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Old 06-22-2017, 10:48 PM
 
1,204 posts, read 881,578 times
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Quote:
Originally Posted by kodachrome919 View Post
Sorry, but there were actually quite a few posters (earlier in the thread) that have mentioned this...it is obviously not just me thinking it. I think a lot of people like to lie to themselves a bit as to the true reason(s) they are really in the city.
I read the entire thread before I posted. DubbleT and you are the only ones that posted this. The other posters that said young people like to be around other young people either implicitly, or explicitly state it's for making new friends or having a good dating pool, not to 'look cool.'

Quote:
Originally Posted by kodachrome919 View Post
As for the 'convenience' factor of being able to do things spontaneously with friends, in my case, having many friends who live in the 'burbs myself, it is actually very easy to hop in a car and drive to them, or vice versa. I suppose if all of your friends live downtown, then it's another story...but doesn't that just confirm my hypothesis that all this is just following the crowd (i.e. your friends).

Again, I think for someone moving to a new area for work, and then wanting to form a new friend group, it makes sense just because of the sheer density of young people in the city
Moving for work is how I've always come to new cities, so I've generally never known anyone when I arrived in a new city. Living in the city is better for making friends if you're young, since that is where most of the young people you work with are going to end up living. Some live out in the burbs, but if you randomly decide to live in the Northern burbs when you move to a city, you may find that someone you have a lot in common with lives in the Southern burbs 45 minutes away without traffic. If you live in the city, it's still convenient when they come in to hang out. Unless you have a job out in the burbs, it's pretty hard to meet new people out there.

Quote:
Originally Posted by kodachrome919 View Post
, but other than that situation, it doesn't really make a whole lot of sense to me for you and your friends to pack up and move to the city together just so you don't have to taxi home after a night out of drinking.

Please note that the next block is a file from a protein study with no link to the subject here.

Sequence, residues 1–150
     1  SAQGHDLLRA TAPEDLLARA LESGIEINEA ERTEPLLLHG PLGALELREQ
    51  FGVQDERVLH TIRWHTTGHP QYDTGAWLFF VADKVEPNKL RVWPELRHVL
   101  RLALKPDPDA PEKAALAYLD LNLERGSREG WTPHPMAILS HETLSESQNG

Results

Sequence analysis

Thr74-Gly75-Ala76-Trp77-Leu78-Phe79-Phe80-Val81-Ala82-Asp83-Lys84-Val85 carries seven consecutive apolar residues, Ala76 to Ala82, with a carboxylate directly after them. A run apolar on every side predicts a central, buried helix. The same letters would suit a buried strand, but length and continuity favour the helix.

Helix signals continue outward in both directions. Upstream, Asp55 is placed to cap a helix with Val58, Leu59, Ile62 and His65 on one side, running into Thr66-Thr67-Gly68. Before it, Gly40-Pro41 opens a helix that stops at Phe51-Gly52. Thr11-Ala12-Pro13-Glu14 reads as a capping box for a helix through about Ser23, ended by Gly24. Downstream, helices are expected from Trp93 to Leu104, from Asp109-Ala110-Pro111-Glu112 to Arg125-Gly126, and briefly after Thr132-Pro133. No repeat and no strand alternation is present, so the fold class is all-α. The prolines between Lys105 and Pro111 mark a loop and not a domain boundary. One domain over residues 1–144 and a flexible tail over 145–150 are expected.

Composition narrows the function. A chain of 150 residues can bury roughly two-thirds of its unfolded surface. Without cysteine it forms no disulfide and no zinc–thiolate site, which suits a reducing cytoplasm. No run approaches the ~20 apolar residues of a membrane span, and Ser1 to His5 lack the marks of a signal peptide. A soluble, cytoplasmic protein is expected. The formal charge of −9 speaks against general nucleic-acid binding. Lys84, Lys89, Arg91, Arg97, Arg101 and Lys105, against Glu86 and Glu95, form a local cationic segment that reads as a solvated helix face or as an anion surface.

Is this a thing? Are there places where big groups of friends from the suburbs are packing up and moving en masse to the city together? When I've met people in the city, they may be originally from some suburb of that city, but generally they didn't move from that suburb with a bunch of HS friends. The usually came from wherever they went to college or from another city where they had been working. Is this different in Philly and Charlotte?
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Old 06-22-2017, 11:01 PM
 
Location: 352
5,122 posts, read 3,891,788 times
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Quote:
Originally Posted by kodachrome919 View Post
I guess it just depends what people like to do. If your ideal day is spent eating at 8 different organic ethnic restaurants, going to the dog park for a few hours and making friends with new, 'progressive' people, then going out to another 5 different bars at night, the city might be worth it; from these responses that's what it seems to be lol.
Im talking more broadly. "Things to do" also includes jobs. If I'm doing marketing, I'm going to the city, and ill have more to do and more to see in relation to my job. Im not going out to the pastures to analyze trends and conduct focus groups.

Things to do is a bunch of things to me, and the beauty is you dont always have to spend money. I hate being out in the middle of nowhere. Its boring. Most people feel the same way. They need bustle of the suburbs at least.

What you listed sounds very stereotypical. I dont know anyone who does that routine or would want to.
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Old 06-23-2017, 06:43 AM
 
Location: Tennessee
23,647 posts, read 17,615,071 times
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Quote:
Originally Posted by Texamichiforniasota View Post
Moving for work is how I've always come to new cities, so I've generally never known anyone when I arrived in a new city. Living in the city is better for making friends if you're young, since that is where most of the young people you work with are going to end up living. Some live out in the burbs, but if you randomly decide to live in the Northern burbs when you move to a city, you may find that someone you have a lot in common with lives in the Southern burbs 45 minutes away without traffic. If you live in the city, it's still convenient when they come in to hang out. Unless you have a job out in the burbs, it's pretty hard to meet new people out there.
I wouldn't say it's difficult to meet new people in the suburbs.

I moved to an affluent suburb of Indianapolis from east Tennessee three years ago in April. I decided to move to the suburbs due to the crime reputation and not knowing anyone at all who lived in the area. I was only 28 then, but I made friends through work and the community, though admittedly many of the folks I met in the community were 45+. I also wouldn't consider central Indiana a very friendly place to live either.

I really don't think city living is truly that much different on a day to day basis. Most of us go to work, come home, watch TV/take care of kids/maybe go to gym for a few hours, then restart. Going out a few nights per week can quickly get expensive.
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Old 06-23-2017, 07:22 AM
 
60 posts, read 49,986 times
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Quote:
Originally Posted by Serious Conversation View Post
I really don't think city living is truly that much different on a day to day basis. Most of us go to work, come home, watch TV/take care of kids/maybe go to gym for a few hours, then restart. Going out a few nights per week can quickly get expensive.